There are four new philosophical-political posts at Mike Valle's infrequently updated weblog that I recommend. Start with Marxism-Leninism and Islamism and scroll up. Excerpts with some comments of mine:
One thing that people got wrong with the communists, and they get wrong with the Islamists, is that they think that people can’t really believe this stuff. They think these people think that they are acting from these ideas, but they are really reacting to oppressive conditions, and these crazy ideological ideas are only an indirect way of expressing their frustration with their conditions.
[Scott Atran, anthropologist, seems to maintain this absurd view as I report in Does Anyone Really Believe in the Muslim Paradise?]
What Bochenski argues for communism, I also argue for Islamism: Yes, they really do believe this stuff, and we insult not only reality but those very people themselves by suggesting that we know more than they do about their own motivations. Yes, an Islamist does, in fact, believe that Allah will reward him for his violent martyrdom. He believes it in the marrow of his bones. Not only that—he will believe it even if he is no longer oppressed, lives in a big house, has a great job, has a university education, and the rest of it. Throwing money at Islamists does not kill ideology. Ideology is more powerful than wealth. Just as with communist terrorists, the Islamist terrorists are quite frequently well-educated and, by the standards of history, not particularly oppressed. They are ideologues.
Mike is on the money. What's the best test for belief? Action! By their fruits shall ye know them. What people believe is manifested by their actions in the context of their verbal avowals. People who think that Communists and Islamists don't really believe what they say they believe are probably just engaging in psychological projection: "I can't believe this stuff, so you can't either."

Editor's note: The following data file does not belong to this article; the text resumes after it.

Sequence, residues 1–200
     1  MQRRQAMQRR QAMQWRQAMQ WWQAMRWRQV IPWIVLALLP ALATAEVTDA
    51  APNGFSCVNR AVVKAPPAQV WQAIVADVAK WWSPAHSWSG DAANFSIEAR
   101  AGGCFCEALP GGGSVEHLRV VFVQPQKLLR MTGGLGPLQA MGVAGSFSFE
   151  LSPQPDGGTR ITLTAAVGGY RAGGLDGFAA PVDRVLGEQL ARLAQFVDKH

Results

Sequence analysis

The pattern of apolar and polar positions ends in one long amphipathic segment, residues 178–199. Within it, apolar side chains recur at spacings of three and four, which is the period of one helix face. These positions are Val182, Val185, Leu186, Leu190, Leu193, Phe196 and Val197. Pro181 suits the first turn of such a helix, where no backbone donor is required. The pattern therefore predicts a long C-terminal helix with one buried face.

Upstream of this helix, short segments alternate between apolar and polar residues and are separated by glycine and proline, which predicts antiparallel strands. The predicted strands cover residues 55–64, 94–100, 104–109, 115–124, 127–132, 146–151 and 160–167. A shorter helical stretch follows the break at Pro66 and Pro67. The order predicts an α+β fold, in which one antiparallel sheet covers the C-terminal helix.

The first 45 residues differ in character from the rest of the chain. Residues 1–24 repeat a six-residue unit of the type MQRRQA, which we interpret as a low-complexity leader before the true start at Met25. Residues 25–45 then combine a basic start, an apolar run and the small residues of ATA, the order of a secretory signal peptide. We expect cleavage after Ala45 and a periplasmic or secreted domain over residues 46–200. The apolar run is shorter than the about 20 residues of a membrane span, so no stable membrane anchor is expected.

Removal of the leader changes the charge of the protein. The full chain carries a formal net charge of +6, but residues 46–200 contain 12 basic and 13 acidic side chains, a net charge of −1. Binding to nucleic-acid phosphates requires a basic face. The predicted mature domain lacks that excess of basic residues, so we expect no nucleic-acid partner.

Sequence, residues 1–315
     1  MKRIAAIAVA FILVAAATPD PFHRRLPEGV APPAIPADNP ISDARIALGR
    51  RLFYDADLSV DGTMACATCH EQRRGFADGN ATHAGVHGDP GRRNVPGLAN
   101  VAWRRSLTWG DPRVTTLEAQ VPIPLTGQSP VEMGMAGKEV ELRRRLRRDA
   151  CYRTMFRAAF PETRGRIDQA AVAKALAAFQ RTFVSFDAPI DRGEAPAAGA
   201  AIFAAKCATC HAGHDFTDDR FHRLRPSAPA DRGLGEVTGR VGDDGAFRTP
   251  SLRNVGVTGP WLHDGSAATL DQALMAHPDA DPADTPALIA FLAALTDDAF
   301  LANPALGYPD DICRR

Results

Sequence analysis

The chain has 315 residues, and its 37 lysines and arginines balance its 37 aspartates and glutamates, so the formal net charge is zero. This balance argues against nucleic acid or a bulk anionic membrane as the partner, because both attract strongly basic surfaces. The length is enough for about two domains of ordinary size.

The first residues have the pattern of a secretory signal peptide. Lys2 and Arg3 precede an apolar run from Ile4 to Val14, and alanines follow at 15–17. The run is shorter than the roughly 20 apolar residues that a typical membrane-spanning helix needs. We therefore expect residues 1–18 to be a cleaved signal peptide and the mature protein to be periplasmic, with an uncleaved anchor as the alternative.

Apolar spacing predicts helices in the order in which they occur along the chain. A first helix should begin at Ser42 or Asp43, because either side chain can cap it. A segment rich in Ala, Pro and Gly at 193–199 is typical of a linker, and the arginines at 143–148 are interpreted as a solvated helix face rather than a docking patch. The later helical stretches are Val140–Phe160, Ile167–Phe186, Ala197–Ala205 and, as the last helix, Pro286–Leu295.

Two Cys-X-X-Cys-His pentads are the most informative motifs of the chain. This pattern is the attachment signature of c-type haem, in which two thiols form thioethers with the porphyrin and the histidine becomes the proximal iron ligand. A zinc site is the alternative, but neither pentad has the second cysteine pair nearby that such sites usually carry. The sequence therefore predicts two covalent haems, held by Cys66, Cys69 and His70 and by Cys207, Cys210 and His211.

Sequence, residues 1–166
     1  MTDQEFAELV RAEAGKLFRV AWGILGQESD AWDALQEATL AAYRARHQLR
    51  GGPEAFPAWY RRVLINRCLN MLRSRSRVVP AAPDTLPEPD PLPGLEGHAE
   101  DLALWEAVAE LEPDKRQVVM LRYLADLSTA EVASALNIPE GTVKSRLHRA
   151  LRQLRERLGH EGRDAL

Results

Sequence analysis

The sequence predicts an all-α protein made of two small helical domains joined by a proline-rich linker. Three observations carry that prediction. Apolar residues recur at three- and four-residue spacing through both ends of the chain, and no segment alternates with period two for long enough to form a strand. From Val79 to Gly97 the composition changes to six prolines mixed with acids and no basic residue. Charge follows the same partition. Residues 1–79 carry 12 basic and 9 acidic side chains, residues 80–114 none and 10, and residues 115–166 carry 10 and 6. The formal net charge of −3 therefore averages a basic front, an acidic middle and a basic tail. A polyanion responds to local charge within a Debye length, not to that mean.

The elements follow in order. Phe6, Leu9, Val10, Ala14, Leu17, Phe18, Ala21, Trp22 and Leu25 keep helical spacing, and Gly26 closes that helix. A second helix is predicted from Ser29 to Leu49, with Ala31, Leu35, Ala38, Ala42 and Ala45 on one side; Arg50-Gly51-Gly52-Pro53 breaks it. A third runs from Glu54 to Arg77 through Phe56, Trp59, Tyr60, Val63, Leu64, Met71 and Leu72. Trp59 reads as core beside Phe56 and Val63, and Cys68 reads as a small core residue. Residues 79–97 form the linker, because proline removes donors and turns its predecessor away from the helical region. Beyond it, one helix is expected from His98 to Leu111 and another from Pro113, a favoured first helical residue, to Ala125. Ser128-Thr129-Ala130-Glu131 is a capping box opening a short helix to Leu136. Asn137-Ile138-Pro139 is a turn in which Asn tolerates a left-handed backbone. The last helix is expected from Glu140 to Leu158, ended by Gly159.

But the fact that I can't bring myself to believe in, or even entertain with hospitality, any such nonsense as a classless society or the dictatorship of the proletariat or post-mortem dalliance with 72 black-eyed virgins as recompense for piloting jumbo jets into trade towers, or that the USA is permeated with 'institutionalized racism' -- cuts no ice. People believe the damndest things and they prove it by their behavior, and the fact that other people can't 'process' this at face value means nothing. People really do believe this crap.
We all seek a transcendental meaning to our lives, except for those few of us who live as animals. National Socialism, Communism, and Islamism give people that meaning, and having such a meaning is, for many people, far more important than material comforts and wealth. I think this is fine, as long as one’s transcendental purpose isn’t murderously evil, of course.
Mike here touches upon the problem of misplaced idealism.
It is not enough to have ideals, one must have the right ideals. This is why being idealistic, contrary to common opinion, is not always good. Idealism ran high among the members of the Sturmabteilung (SA) and the Schuetzstaffel (SS). The same is true of countless millions who became Communists in the 20th century: they sacrificed their 'bourgeois' careers and selfish interests to serve the Party. (See Whittaker Chambers, Witness, required reading for anyone who would understand Communism.) But it would have been better had the members of these organizations been cynics and slackers. It is arguably better to have no ideals than to have the wrong ones. Nazism and Communism brought unprecedented amounts of evil into the world on the backs of idealistic motives and good intentions. Connected with this is the point that wanting to do good is not good enough: one must know what the good is and what one morally may and may not do to attain it.
It is therefore a grotesque error, one that libs and lefties have a soft spot for, to suppose that being idealistic is good in and of itself. The question must follow: idealistic in respect of which ideals? No doubt John Lennon in his silly ditty "Imagine" expressed lofty ideals; but his ideals are the utopian ideals of the Left, and we know where they lead. It is not good to be idealistic sans phrase; one must be idealistic in respect of the right ideals. Only then can we say that being idealistic is better than being a common schlep who serves only his own interests.
Bochenski was right about communism. Too many are still in denial or ignorance of the destructive and evil nature of communism (as were so many of my professors), just as too many are hopelessly naïve about the power of Islamist ideology (as are so many “intellectuals”).
I would add the following. Communism is not dead. it lives on in those leftist seminaries called colleges and universities. To understand the Left and its political correctness, you must study the history of Communism. As I have said more than once: PC comes from the CP!
A related point is that Islamism is shaping up to be the Communism of the 21st century. Which is another reason to study Communism.